Both MRI and CT are highly accurate when it comes to detecting Crohn’s disease in the small intestine, and MRI can be the go-to modality when radiation exposure is an issue—as can be the case due to the repetitive imaging that’s often indicated for managing this chronic inflammatory bowel disease.
The conclusions are from a meta-analysis of the literature conducted at the University of South China in Hunan Province. Academic Radiology published the findings online June 5.
Wenhong Liu, MD, and colleagues systematically searched PubMed, Elsevier, ScienceDirect, Karger, Web of Science, Wiley Online Library and Springer for studies in which CT or MRI were evaluated to assess small-bowel Crohn’s.
Focusing their analysis on 21 studies involving 913 patients, they found no significant differences in performance between the two modalities.
“[A]lthough each technique has its own unique advantages and limitations in clinical practice, these modalities are equally highly accurate techniques in assessing small-bowel Crohn’s disease in the present meta-analysis,” the authors write.
The authors note in their discussion that, over the last decade, CT has largely supplanted endoscopy and barium fluoroscopy to become the first-line modality for evaluating patients with Crohn’s disease as well at the most appropriate choice for diagnosing those suspected of having the condition.
“However, the issue of radiation risk owing to the large dose of ionizing radiation used for CT detection, particularly repetitive imaging required during CD remission and relapse, has received more and more attention in recent years,” they write. “Although several modifications were introduced to lower the radiation dose recently, such as shorten the exposure time, alterations of voltage and amperage, and noise-reduction filters, the cumulative radiation exposure by recurrent CT examinations is still of great concern.”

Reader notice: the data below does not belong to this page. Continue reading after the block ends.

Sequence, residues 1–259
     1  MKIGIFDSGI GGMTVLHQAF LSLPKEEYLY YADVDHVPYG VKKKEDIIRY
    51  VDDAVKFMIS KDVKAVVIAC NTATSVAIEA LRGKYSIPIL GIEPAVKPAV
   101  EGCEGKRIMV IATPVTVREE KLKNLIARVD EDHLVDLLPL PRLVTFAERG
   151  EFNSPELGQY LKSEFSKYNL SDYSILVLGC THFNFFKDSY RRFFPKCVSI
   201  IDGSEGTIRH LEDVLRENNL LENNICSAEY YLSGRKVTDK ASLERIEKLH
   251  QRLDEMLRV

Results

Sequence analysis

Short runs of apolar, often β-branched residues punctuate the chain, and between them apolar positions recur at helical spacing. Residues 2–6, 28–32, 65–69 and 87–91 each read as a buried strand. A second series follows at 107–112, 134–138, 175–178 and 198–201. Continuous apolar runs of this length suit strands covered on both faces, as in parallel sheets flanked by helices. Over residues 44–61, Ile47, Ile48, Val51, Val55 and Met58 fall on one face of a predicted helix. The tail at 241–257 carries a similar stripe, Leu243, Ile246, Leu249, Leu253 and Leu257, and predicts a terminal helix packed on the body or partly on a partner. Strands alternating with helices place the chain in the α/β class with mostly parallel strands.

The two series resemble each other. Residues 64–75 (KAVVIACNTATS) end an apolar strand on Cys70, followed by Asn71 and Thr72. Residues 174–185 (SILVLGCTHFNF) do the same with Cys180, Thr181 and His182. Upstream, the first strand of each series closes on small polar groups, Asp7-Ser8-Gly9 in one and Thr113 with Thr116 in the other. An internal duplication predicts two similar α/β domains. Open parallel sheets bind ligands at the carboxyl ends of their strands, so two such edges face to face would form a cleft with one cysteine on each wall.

The authors state that theirs is the first study to use meta-analysis for directly comparing, specifically, MR enterography and/or enteroclysis with CT enteroclysis and/or enterography for detecting active Crohn’s disease in the small intestine.
“MR enteroclysis, MR enterography and CT enterography are all highly accurate techniques in assessing small-bowel Crohn’s disease,” they conclude. “MRI has the potential to be the first-line radiation-free modality for small-bowel Crohn’s disease imaging.”